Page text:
Aze et al. 2011 ecogroup 1 - Open ocean mixed-layer tropical/subtropical, with symbionts. Based on very heavy δ13C and relatively light δ18O. Sources cited by Aze et al. 2011 (appendix S3): Wade et al. (2001); Wade & Kroon (2002)

Phylogenetic relations: This species evolved from M. crassatus and was ancestral to M. lehneri. [Pearson & Berggren 2006]

Biostratigraphic distribution

Geological Range:
Notes: Zone E8-E12 (middle Eocene; Blow, 1979). [Pearson & Berggren 2006]
Last occurrence (top): within E12 zone (39.97-40.40Ma, top in Bartonian stage). Data source: Eocene Atlas
First occurrence (base): within E8 zone (43.85-45.72Ma, base in Lutetian stage). Data source: Eocene Atlas

Plot of occurrence data:

Primary source for this page: Pearson & Berggren 2006 - Atlas of Eocene Planktonic Foraminifera, chapter 10, p. 331


Blow, W.H., (1969). Late middle Eocene to Recent planktonic foraminiferal biostratigraphy. In: Bronnimann, P. and Renz, H.H. (Editors), Proceedings of the First International Conference on Planktonic Microfossils, Geneva, 1967, Leiden, Netherlands, pp. 380-381.

Blow, W.H., (1979). The Cainozoic Globigerinida: A study of the morphology, taxonomy, evolutionary relationships and stratigraphical distribution of some Globigerinida (mainly Globigerinacea). E. J. Brill, Leiden, 1413 pp.

Bolli, H.M., (1957). The genera Globigerina and Globorotalia in the Paleocene-Lower Eocene Lizard Springs Formation of Trinidad. In: Loeblich, A.R., Jr. et al. (Editors), Studies in Foraminifera, U.S. National Museum Bulletin 215. U.S. Government Printing Office, Washington, D.C., pp. 97-124.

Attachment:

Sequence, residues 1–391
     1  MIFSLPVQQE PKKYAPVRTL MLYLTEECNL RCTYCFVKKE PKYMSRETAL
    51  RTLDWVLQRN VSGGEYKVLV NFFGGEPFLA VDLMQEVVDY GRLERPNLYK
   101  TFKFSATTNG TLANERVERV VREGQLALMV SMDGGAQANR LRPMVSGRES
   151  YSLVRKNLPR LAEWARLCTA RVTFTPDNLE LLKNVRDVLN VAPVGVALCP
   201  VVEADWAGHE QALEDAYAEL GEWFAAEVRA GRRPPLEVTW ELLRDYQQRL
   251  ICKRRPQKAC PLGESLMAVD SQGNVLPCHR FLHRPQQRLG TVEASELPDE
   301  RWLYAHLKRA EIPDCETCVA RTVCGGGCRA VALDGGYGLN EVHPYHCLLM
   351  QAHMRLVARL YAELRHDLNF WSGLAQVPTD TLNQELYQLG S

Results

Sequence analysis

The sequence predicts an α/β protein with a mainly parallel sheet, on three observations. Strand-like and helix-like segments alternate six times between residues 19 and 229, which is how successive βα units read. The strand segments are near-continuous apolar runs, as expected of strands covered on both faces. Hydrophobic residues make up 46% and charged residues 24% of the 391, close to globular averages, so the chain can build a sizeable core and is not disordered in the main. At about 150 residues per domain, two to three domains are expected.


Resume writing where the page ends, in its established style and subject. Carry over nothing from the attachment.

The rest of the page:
Cushman, J.A. & Jarvis, P.W., (1929). New foraminifera from Trinidad. Contributions From the Cushman Foundation for Foraminiferal Reseach, 5: 6-17.

Cushman, J.A., (1927). New and interesting foraminifera from Mexico and Texas. Contributions from the Cushman Laboratory for Foraminiferal Research, 3: 111-119.

Fleisher, R.L., (1974). Cenozoic planktonic foraminifera and biostratigraphy, Arabian Sea, Deep Sea Drilling Project, Leg 23A. Initial Reports of the Deep Sea Drilling Project, 23: 1001-1072.

Pearson, P.N. & Berggren, W.A., (2006). Taxonomy, biostratigraphy, and phylogeny of Morozovelloides n. gen. In: Pearson, P.N. et al. (Editors), Atlas of Eocene Planktonic Foraminifera, Cushman Foundation Special Publication 41. Allen Press, Lawrence, Kansas, pp. 343-376.

Pearson, P.N. & others, (2004). Paleogene and Cretaceous sediment cores from the Kilwa and Lindi areas of coastal Tanzania: Tanzania Drilling Project Sites 1–5. Journal of African Earth Sciences, 39: 25-62.

Saito, T., (1962). Eocene planktonic foraminifera from Hahajima (Hillsborough Island). Trans. Proc. Pal. Soc. Japan, 1(45): 209-225.

Wade, B.S. & Kroon, D., (2002). Middle Eocene regional climate instability: Evidence from the western North Atlantic. Geology, 30: 1011-1014.

Wade, B.S.; Kroon, D. & Norris, R.D., (2001). Orbitally forced climate change in the Late Middle Eocene at Blake Nose (Leg 171B): Evidence From Stable Isotopes In Foraminifera. Geological Society of London, Special Publications, 183: 273-291.

Morozovelloides coronatus compiled by the pforams@mikrotax project team viewed: 24-3-2017